Muay Thai Equipment History
Muay Thai Equipment History
Muay Thai is one of the oldest and most popular martial arts to have emerged out of ancient Asia. It is believed to have originated in Thailand, where it was created by tribes migrating down from China, first in order to assist in the fierce warfare required for the conquest of land, and then later used to protect that very land from invaders. Through centuries of warfare and training it was eventually refined into the modern day combat sport it is known as today. In Thailand it is elevated to almost religious levels, being practiced in numerous gyms and dojos across the country. It has become known as the sport of kings, and one of the greatest honors of the sport is the opportunity to fight before the King of Thailand. It is also a corner stone of the modern day sport of mixed martial arts, commonly referred to as MMA.
Muay Thai has been a part of Thai culture from its earliest days. The watershed moment for the sport came in 1584 with the ascension of King Naresuan in what is now referred to as the Ayuddhaya period. The king stipulated that every soldier in his army had to be trained in Muay Thai just as he had been, which greatly helped to popularize the martial art.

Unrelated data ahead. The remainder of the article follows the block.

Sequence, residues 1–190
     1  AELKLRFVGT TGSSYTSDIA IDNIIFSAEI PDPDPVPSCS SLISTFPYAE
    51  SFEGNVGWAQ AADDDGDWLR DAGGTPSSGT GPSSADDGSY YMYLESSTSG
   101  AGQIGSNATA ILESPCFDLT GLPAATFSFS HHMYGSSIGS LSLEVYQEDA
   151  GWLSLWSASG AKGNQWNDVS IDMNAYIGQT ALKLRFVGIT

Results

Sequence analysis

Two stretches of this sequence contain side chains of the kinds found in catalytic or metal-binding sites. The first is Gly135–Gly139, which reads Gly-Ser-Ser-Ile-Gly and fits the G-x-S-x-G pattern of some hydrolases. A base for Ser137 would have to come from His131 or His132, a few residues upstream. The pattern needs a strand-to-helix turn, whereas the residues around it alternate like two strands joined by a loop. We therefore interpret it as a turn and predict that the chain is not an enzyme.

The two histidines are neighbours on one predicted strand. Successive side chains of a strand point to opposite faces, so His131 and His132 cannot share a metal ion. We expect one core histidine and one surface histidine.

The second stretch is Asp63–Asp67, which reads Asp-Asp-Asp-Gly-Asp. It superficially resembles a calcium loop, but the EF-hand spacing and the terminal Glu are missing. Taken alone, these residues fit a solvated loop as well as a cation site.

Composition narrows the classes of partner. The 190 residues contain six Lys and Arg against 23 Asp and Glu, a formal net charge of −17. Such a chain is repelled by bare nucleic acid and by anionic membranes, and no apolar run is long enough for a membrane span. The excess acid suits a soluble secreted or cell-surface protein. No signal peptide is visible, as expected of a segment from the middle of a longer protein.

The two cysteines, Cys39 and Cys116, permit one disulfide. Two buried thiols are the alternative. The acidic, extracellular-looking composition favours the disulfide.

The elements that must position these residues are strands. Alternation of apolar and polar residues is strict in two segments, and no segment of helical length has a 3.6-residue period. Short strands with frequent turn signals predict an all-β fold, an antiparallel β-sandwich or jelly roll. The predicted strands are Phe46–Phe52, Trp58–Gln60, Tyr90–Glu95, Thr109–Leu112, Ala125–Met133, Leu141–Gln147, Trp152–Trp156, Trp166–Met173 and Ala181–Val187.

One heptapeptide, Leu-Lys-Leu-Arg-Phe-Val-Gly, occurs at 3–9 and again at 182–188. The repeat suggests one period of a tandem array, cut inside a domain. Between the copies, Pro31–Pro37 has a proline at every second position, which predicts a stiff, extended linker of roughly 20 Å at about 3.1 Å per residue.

As the sport has evolved to a higher degree of sophistication, so has the equipment used, both in fighting and in training. Early Muay Thai came from humble and brutal beginnings and the equipment reflected that. Fighters fought with bare knuckles and with very little protection. All of the equipment necessary for training was found in nature. One of the most legendary pieces of equipment, used historically and still favored by today’s hardcore purists, was also among the most simple and abundantly found in Ancient Thailand—the banana tree. This ancient staple of Thai culture was found by the forerunners of today’s fighters to be particularly suitable for punching and kicking practice. The legends tell us that the ancient fighters would kick the trunk of a banana tree hundreds of times a day to toughen limbs, to deaden nerves and to make themselves inured to pain. The smooth, slightly spongy texture of the banana tree trunk was found to be ideally suited to this purpose and the tree was so abundant in Thailand that a suitable training environment could be found almost anywhere. The banana tree helped fighters to develop their techniques, to develop toughness and pursue the hard-body training for which Muay Thai fighters are known.